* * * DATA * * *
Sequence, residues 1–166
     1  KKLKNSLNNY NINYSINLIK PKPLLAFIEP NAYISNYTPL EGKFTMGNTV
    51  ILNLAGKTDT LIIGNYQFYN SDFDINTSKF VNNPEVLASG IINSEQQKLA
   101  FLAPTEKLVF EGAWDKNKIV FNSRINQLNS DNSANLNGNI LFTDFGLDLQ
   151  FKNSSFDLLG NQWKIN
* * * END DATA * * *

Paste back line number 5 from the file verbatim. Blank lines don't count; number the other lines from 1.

   151  FKNSSFDLLG NQWKIN